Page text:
And to be clear, I love the music of this man. Not because he is the best singer in the world. He isn’t but can deliver his tunes with an inspiring honesty and clever use of backing vocals. Also not because he is an awesome instrumentalist who seems to handle every instrument with an ease that could make people jealous. He does not play to impress, he shines because he serves the song in the best possible way. No, it is because of the feel good nature of his songs!
Yes, on this album some tracks are melancholic, but they do not make me sad at all. Ever since getting the album I have been listening I don’t know how many times, and the album always picks me up. From the slow burning How Does It Feel, (great chorus and heartfelt guitar solo) to the full on happy Going Away, every song enchants me.
In his words this album defines his style as an artist. To me the only thing that is important is that I hope he releases many more songs. Treat yourself and pick this up!
One of the best things about doing this is that you get to hear a wide variety of music. And since variety is the spice of life, this album is been making quite a few rounds in my CD player lately. The 19 year young Dawson Routledge is a fairly new name on the scene, delivering his first official album here, the 9 track album Monsters.
Probably best described as a mix of soft rock, pop, jazz and folk, Monsters has turned out to be quite the laid back affair. But of the kind that grabs you with an unique voice, clever lyrics and a delivery that is beyond Rutledge’s years. Sometimes a song starts with a hook that makes you wonder if you have heard it before, but in the end this is all original. The overall sound is warm and does justice to the songs that are carried by their pop sensibilities and folky arrangements. It is clear that he is serious about his craft, especially since his picking skills are on par with his vocals. And the subtle rhythmic changes are often the icing on the cake.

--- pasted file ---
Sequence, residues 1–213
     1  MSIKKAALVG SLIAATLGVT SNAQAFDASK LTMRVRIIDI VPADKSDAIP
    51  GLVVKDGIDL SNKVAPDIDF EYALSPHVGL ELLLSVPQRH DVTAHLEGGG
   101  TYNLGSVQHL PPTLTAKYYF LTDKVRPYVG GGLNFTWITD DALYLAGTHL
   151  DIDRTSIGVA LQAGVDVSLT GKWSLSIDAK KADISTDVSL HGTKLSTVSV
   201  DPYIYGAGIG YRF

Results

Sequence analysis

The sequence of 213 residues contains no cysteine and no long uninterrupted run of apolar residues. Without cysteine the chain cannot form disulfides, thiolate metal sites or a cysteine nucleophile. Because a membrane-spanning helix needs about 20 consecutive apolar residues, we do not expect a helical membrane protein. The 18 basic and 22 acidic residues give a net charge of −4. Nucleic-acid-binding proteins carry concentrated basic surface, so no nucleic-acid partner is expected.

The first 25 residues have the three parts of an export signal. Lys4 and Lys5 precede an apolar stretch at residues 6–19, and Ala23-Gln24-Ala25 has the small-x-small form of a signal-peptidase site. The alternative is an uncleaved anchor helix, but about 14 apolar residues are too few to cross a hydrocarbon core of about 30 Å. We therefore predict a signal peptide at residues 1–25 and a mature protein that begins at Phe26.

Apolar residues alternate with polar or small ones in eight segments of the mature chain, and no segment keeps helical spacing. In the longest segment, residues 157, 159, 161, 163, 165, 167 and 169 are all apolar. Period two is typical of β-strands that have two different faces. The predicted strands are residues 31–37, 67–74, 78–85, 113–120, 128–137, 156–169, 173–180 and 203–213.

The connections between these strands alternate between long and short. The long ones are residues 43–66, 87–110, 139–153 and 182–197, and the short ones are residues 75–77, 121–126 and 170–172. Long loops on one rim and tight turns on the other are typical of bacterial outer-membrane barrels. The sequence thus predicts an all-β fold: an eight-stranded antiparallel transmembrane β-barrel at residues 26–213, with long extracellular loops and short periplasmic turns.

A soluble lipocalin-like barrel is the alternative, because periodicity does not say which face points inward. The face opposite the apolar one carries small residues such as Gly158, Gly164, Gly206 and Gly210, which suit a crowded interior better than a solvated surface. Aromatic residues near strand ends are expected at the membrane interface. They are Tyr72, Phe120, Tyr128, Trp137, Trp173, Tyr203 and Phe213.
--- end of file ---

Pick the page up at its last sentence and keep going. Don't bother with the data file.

Personal favourites are When Life Gives You Monsters and Heavy Heart, but there are enough choices to please many.
Now here is another band that in my humble opinion should be a lot bigger. A big lot bigger! And it seems the band thought so too, because this album sees them in their probably most focused and accessible appearance yet.
Now, those words might also scare some of their older fans away, but that would be a mistake. Even when especially the first 4 songs sound tailor made for the unaware public, this band is just too damn good to sell out. So do not worry, their songwriting and playing abilities are still strong and prominent throughout. Actually, I quite like they chose a couple of highly catchy songs to open the album with. You immediately feel at home listening to this. So when their usual more quirky nature shows its face in songs like Maybe Someday or Remind Me, they impress me even more. And still the melodies and feel here are of the highest calibre! The way Remind Me moves through several rock genres is mindblowing and a testament of just how good this band is. Even when you are not a mellotron or guitar fan, I dare you to not like this… And just when you think they have gone completely mad, they tear you up with the aching beauty of You And You Alone.
For me this is an album with an undisputable quality. Classy music from class musicians. Don’t remain ignorant, put this on your buy list and give it a few spins. I guarantee a satisfactory experience. And if not, consider yourself lost 🙂
And…the Cellar Dwellers are back with EP 3 in a series of 4. And as was to be expected, EP 3 of the Junkyard Chronicles is another batch of 5 songs highlighting the bands roots in punk, psychedelic and classic rock.
Opening with the venomous Don’t Know Dick, the first statement is bold and ballsy. Next track, Dear Johnny, with Michel Janssen on guest vocals, is an uptempo rocker with alas a sad ending for Johnny… Lost is a song with a great haunting guitar line throughout the song. It is a slow burner, and for me easy one of the highlights. Next up is Pussy, which you can listen to below. And yes, it is fun and energetic. The release closes with Nightmare, which is another prime example of the power in the band. And another song with great guitar work.